Waves Lie Still And Gleaming

Sunset ocean
Florida Sunset

Stanzas for Music

by Lord Byron

There be none of Beauty’s daughters
With a magic like thee;
And like music on the waters
Is thy sweet voice to me:
When, as if its sound were causing
The charmed ocean’s pausing,
The waves lie still and gleaming,
And the lull’d winds seem dreaming:

And the midnight moon is weaving
Her bright chain o’er the deep;
Whose breast is gently heaving,
As an infant’s asleep:
So the spirit bows before thee,
To listen and adore thee;
With a full but soft emotion,
Like the swell of Summer’s ocean.


Darkness (Excerpt)

by Lord Byron

I had a dream, which was not all a dream.
The bright sun was extinguish’d, and the stars
Did wander darkling in the eternal space,
Rayless, and pathless, and the icy earth
Swung blind and blackening in the moonless air;
Morn came and went—and came, and brought no day,
And men forgot their passions in the dread
Of this their desolation; and all hearts
Were chill’d into a selfish prayer for light:
And they did live by watchfires—and the thrones,
The palaces of crowned kings—the huts,
The habitations of all things which dwell,
Were burnt for beacons; cities were consum’d,
And men were gather’d round their blazing homes
To look once more into each other’s face;

Beings Brighter Than Have Been

Chateau-de-Chillon
Chateau Chillon on Lake Geneva, Switzerland

My very chains and I grew friends,
So much a long communion tends
To make us what we are:—even I
Regain’d my freedom with a sigh.

Lord Byron – Prisoner of Chillon

Sonnet on Chillon

by Lord Byron

Eternal Spirit of the chainless Mind!
Brightest in dungeons, Liberty, thou art;–
For there thy habitation is the heart,–
The heart which love of thee alone can bind;
And when thy sons to fetters are consigned,
To fetters, and the damp vault’s dayless gloom,
Their country conquers with their martyrdom,
And Freedom’s fame finds wings on every wind.

Chillon! thy prison is a holy place,
And thy sad floor an altar, for ’twas trod,
Until his very steps have left a trace,
Worn, as if thy cold pavement were a sod,
By Bonnivard! May none those marks efface!
For they appeal from tyranny to God.


I have slept terribly in recent weeks.  I don’t think I am alone in that predicament.   What little sleep I get appears to be at least restful enough to have the energy I need to be productive.  I am eager for life to get back to normal but I fear that what was once my “normal” maybe a thing of the past.  And I fear even more, that if and when we have the tools to resume the lives we expect, that we will have all grown so accustomed to being isolated that we will be fearful to venture into the rock and roll concert mosh-pits of our existences again.

Lord Byron’s poetic voice can feel a bit antiquated, but the ideas of state sponsored suppression of minority freedoms, injustice, unfair incarceration, and in spite of those opposing forces, hopeful dreams for a better future are as relevant in his verse from 200 years ago as today.  I look to poets to help me make sense of the senseless in times of grief and loss and fear.   Which poets do you find inspiration from right now?  What emerging new voices have caught your attention?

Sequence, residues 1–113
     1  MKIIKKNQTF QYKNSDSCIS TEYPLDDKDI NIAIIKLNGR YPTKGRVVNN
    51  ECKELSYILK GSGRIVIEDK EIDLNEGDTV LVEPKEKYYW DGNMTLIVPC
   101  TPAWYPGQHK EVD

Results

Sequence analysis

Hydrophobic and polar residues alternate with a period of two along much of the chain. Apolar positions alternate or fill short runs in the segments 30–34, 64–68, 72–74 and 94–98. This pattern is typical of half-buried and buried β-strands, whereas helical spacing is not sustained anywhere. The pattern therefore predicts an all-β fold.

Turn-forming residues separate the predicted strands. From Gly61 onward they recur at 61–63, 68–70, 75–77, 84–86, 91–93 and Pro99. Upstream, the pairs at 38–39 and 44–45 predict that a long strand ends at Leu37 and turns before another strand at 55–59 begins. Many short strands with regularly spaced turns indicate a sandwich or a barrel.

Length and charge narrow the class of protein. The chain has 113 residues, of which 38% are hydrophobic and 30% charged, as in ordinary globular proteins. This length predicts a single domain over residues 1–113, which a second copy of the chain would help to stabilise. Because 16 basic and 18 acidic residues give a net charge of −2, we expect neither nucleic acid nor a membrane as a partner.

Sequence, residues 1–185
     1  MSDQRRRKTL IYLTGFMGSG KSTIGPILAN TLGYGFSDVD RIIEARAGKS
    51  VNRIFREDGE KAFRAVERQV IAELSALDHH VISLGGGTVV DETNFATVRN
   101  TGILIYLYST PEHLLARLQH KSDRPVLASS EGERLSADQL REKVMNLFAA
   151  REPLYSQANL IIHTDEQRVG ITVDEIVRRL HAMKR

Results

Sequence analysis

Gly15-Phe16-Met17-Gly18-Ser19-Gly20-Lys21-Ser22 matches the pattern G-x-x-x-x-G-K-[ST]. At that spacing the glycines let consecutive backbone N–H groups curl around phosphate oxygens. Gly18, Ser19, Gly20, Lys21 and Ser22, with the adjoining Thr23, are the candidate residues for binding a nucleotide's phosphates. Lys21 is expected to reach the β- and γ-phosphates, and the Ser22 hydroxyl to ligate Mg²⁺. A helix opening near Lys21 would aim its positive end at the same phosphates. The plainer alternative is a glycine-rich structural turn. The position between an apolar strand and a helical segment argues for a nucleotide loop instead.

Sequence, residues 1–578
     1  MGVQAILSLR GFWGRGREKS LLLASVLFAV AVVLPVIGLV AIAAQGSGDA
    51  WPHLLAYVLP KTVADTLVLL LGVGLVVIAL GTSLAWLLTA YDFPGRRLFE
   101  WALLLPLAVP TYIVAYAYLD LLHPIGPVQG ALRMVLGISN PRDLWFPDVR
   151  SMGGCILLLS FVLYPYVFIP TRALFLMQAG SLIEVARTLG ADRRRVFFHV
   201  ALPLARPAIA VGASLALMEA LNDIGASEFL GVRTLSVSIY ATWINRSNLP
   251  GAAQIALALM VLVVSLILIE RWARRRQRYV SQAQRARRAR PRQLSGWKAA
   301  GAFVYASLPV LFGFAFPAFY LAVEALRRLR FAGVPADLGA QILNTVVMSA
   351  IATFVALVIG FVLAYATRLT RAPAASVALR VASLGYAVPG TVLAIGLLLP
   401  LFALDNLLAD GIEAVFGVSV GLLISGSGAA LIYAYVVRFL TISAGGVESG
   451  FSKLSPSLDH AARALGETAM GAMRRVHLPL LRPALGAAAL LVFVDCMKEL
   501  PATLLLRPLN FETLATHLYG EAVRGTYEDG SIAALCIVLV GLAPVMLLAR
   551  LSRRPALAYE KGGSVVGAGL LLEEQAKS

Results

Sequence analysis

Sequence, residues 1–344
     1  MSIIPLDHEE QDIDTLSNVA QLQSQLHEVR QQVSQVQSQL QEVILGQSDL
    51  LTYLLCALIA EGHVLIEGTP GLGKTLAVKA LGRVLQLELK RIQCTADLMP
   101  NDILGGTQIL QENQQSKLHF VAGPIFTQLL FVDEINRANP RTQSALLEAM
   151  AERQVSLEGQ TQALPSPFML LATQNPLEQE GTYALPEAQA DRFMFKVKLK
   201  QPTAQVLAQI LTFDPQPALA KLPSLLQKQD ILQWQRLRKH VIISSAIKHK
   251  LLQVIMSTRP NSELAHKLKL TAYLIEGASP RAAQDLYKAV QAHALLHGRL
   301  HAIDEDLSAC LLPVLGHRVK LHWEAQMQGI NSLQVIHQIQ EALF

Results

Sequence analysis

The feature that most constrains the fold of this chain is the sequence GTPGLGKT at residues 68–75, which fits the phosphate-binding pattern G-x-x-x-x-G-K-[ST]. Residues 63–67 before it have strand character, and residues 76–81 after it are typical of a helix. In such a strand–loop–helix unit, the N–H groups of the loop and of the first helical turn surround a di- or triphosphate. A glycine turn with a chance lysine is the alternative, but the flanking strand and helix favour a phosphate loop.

Life is Twofold
(From The Dream)

by Lord Byron

Our life is twofold; Sleep hath its own world,
a boundary between the things misnamed
Death and existence. Sleep hath its own world,
And a wide realm of wild reality;
And dreams in their development have breath,
And tears, and tortures, and the touch of joy.
They leave a weight upon our waking thoughts,
They take a weight off our waking toils.
They do divide our being; they become
A portion of ourselves as of our time,
And look like heralds of eternity.
They pass like spirits of the past—they speak
Like sibyls of the future; they have power—
The tyranny of pleasure and of pain.
They make us what we were not—what they will,
And shake us with the vision that’s gone by,
The dread of vanished shadows—Are they so?
Is not the past all shadow?—What are they?
Creations of the mind?—The mind can make
Substances, and people planets of their own,
With beings brighter than have been, and give
A breath to forms which can outlive all flesh….

The Heart Be Still As Loving

Leonard Cohen Relaxes
Leonard Cohen (1934 – 2016)

So We’ll Go No More A Roving

by Lord Byron

So, we’ll go no more a roving
       ..So late into the night,
Though the heart be still as loving,
.       .And the moon be still as bright.

For the sword outwears its sheath,
.      .And the soul wears out the breast,
And the heart must pause to breathe,
     ..And love itself have rest.

Though the night was made for loving,
.    .And the day returns too soon,
Yet we’ll go no more a roving
    ..By the light of the moon.

 

 


I attended The Tallest Man on Earth concert at the Palace Theater in St. Paul last night.  It was an amazing performance by a single artist on stage. Kristian Matsson is a whirl-wind of energy and musicality, his guitar playing and mastery of reverb make it sound like there must be multiple guitarists performing when only his nimble fingers are producing that incredible music.

Listening last night in raptor to one song, I wondered if Matsson would describe himself as a song-writer first, guitarist second and poet third or guitarist-first, poet second and song-writer third or you get the point, there are many combinations, what would be his list? The real question is whether any of it can be separated from the other in a linear fashion during the artistic process or does each talent inform the other in ways that alter and shape it? Do a song writer fit lyrics to a tune or does the tune inform the lyrics or does words become the tune or all of the above?

Some poems are so musical by the very selection of the words that it is inevitable they will be set to music.  There are many different versions over the years of Byron’s So We’ll Go No More A Roving that have been recorded and probably a myriad of versions that never were. It is a love song that is meant to be sung. I am rather fond of Cohen’s version. Cohen always described himself as poet first and singer/song writer second.  His love of poetry informs his lyrics and sets them apart even as his voice faded a bit as he aged, his lyrics were still lyrical, and by surrounding himself with a strong cast of musicians, Cohen’s music and concerts remained vibrant right up until his death.